The impact of the lecture and the availability of a teaching post in anatomy at the Academy of Arts in Berlin made it possible for Helmholtz to transfer to the academic world. In 1849 he accepted the invitation to serve as professor of physiology at the University of Königsberg, where he married Olga von Velten the same year. Among his first papers at Königsberg was "On the Method of Measuring Very Small Intervals of Time and Their Application to Physiological Purposes" (1851). The purpose was the determination of the rate of transmission of sense impressions along the nerves. The value he found shortly afterward was approximately 30 meters per second, in good agreement with subsequent determinations. The next year Helmholtz wrote of a marvelous new device to investigate the eye, the ophthalmoscope, which made its inventor world famous almost overnight.
In 1855 Helmholtz went to Bonn as professor of physiology and anatomy. During the following 3 years he started his incisive analysis of the mathematical relationships underlying tone perception and the esthetical judgment about various tonalities. At the same time he began publishing in a mature form his previous studies of the physiology of vision. The first volume of his famous Handbook of Physiological Optics appeared in 1856. The massive volume was a systematic application of physics to the phenomenon of vision. "On the Integrals of the Hydrodynamic Equations Which Express Vortex Motions" (1858) represented not only a brilliant solution of seemingly insoluble equations, but it also became the foundation for late-19th-century physicists who tried to devise a so-called vortex model of the ether.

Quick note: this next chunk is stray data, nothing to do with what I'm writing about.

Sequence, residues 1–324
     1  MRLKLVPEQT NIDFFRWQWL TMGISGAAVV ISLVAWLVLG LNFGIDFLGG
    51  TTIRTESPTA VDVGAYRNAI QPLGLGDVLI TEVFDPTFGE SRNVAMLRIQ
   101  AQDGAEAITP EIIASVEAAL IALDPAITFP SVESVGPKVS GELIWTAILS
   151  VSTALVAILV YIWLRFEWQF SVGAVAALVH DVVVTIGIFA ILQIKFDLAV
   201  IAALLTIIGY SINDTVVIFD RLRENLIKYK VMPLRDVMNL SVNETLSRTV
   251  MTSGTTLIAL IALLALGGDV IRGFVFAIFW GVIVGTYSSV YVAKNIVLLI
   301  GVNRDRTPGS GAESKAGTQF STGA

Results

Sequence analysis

Helmholtz spent the next 13 years at the University of Heidelberg. During his first year there his wife died. In 1861 Helmholtz married Anna von Mohl, who became mother of three children. He spent 13 years at Heidelberg, officially a physiologist but in reality a physicist.
The second part of Helmholtz's Handbook of Physiological Optics was published in 1862. The next year saw the publication of another systematic application of physics in physiology, Theory of the Sensations of Tone as Physiological Basis of the Theory of Music. In 1867 followed the third, and final, volume of the Handbook. Helmholtz's last 3 years at Heidelberg were marked by portentous investigations in theoretical physics. His interest was now in fluid mechanics, the foundations of geometry and electricity. Characteristically enough, when the chair of physics became vacant in Bonn, the university tried to get Helmholtz back as professor of physics. Helmholtz declined the opportunity, but in his reply he made no secret of his lifelong ambition: "Physics was really from the outset the science which principally attracted my interests. I was mainly led to medicine and thereby to physiology by the force of external circumstances. What I have accomplished in physiology rests mainly upon a physical foundation."
Life in Berlin